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Foreign Investment and the Coalition With the National Party

Foreign investment has been in the media a lot recently. Increased talk about foreign investment as part of the Australian political discourse has amped up over the last few years in particular with reports of particularly Chinese-based companies buying up farmland, chiefly across New South Wales. It’s prompted raised concerns from some in Australian politics. The interesting thing is that most of the questioning of foreign investment in Australia, again mostly in relation to farmland has come from the conservative side of politics. What is not so surprising  is that most of the scepticism around foreigners buying up and investing in our country from the right side of politics has come from the National Party, the party traditionally of the farmers.

But what is very interesting about this and different from previous times is the willingness of the National Party’s major coalition partner, the Liberal Party to indulge the National’s in the debate with a proposal to examine more deeply, at a lower threshold, more of the proposed investments of companies from outside of Australia.

There’s been much mixed messaging from the Coalition, from National Party Senator Barnaby Joyce openly questioning the appropriateness of too much foreign investment at any opportunity, to Tony Abbott in China appearing to talk down to China about their investing in Australia whilst overseas as a guest in their country. Then just in the last week or so we had Joe Hockey and Tony Abbott both talking down the prospects of a change in foreign investment rules and scrutiny by the Foreign Investment Review Board.

Then today, flanked by Joe Hockey and Leader of the Nationals, Warren Truss, Opposition Leader Tony Abbott announced a discussion paper which flags a lowering of the purchase price of agricultural land and businesses at which the Foreign Investment Review Board will examine purchases.

The paper proposes that the FIRB look at purchases of agricultural land valued at over $15 million dollars and purchases by foreign companies of agriculture businesses valued at $53 million. This is way down from the current threshold at which injections of funds of $214 million and over are examined by the review board.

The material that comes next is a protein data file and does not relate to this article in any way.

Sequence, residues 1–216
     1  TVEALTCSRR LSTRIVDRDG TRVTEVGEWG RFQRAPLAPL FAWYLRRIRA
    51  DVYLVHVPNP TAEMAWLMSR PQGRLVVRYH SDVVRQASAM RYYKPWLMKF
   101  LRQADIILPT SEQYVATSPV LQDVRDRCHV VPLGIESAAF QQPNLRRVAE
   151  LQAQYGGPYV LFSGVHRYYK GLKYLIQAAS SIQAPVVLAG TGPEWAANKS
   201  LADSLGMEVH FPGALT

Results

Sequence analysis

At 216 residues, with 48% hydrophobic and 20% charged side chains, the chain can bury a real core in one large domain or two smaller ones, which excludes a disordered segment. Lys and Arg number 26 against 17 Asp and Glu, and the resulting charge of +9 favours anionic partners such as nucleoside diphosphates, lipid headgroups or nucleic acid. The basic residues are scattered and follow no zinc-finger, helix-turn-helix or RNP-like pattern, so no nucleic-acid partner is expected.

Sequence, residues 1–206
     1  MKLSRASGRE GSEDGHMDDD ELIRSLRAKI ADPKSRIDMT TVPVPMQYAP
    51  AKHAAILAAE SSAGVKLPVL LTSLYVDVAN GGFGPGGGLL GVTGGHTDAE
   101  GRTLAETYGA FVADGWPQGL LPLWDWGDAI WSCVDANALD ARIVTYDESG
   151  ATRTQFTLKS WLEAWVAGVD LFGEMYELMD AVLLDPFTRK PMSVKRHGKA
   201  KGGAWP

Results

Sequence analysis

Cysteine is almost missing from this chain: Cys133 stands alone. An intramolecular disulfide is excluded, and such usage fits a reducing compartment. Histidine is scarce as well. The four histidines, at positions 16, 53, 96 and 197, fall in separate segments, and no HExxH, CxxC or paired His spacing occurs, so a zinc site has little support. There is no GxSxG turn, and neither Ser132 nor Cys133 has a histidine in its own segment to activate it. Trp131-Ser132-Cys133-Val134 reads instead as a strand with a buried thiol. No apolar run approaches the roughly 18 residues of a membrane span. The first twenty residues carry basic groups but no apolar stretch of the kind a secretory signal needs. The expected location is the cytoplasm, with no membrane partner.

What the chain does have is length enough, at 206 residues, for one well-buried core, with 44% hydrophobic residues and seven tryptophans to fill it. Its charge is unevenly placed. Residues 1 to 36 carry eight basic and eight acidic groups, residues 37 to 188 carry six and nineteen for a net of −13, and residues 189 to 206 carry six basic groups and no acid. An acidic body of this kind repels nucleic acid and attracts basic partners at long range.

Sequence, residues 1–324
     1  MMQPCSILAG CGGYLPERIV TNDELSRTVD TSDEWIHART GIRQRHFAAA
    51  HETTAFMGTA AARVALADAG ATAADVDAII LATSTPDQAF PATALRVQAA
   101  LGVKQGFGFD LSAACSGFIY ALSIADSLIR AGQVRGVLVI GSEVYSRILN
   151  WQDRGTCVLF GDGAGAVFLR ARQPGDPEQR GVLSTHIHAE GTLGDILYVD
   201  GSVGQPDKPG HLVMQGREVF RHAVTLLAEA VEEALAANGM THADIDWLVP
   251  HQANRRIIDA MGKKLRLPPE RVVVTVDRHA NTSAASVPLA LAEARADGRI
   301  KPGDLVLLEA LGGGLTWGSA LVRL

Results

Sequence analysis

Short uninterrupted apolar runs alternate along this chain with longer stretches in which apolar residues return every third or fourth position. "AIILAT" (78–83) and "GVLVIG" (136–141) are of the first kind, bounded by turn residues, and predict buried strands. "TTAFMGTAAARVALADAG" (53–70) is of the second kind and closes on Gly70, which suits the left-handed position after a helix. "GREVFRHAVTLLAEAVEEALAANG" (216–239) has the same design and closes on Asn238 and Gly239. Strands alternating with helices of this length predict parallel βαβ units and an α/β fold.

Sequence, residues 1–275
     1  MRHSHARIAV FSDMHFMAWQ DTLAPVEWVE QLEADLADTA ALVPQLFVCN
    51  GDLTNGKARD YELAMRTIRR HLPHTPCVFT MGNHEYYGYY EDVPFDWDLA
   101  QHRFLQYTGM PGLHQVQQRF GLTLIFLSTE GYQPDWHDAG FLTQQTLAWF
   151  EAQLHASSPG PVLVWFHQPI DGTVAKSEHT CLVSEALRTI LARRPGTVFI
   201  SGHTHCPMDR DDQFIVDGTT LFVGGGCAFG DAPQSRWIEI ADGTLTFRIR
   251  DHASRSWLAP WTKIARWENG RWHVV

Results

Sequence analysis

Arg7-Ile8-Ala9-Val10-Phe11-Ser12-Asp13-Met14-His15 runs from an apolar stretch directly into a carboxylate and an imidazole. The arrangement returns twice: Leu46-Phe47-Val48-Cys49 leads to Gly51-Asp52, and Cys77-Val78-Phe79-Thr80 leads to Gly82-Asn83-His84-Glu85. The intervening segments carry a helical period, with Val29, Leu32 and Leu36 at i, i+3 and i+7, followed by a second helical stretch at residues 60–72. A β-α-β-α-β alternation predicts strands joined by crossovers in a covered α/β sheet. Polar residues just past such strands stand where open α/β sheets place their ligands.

The change in policy has copped criticism from both sides of politics, with the ALP jumping at the chance to have a dig at the party of the free market for wanting to lower the scrutiny threshold.

But there’s also been criticism from their own side of politics, with not just conflicting words in the lead-up to today’s decision from Liberal and National Party politicians, but also from former Coalition MP Peter Reith who launched an attack on Twitter today. Mr Reith in comments today on social media said that the move was “crazy, stupid politics.”

Reith also said that the decision “is just a quick fix to satisfy the Nats, but which will come back to bite the national interest”. Peter Reith, in saying this is not far from the truth, perhaps even spot on with his comments.

The Nationals, in an incoming Coalition Government, which now appears a certainty, would have much higher influence within the joint party-room than they do at present in the current parliament. So this announcement today can easily be seen as a move to placate the National Party ahead of the next election. Tony Abbott and the Opposition leadership undoubtedly realise there will be much more competition of ideas and much more competitive and vigorous debate from two contradictory standpoints within the Coalition caucus.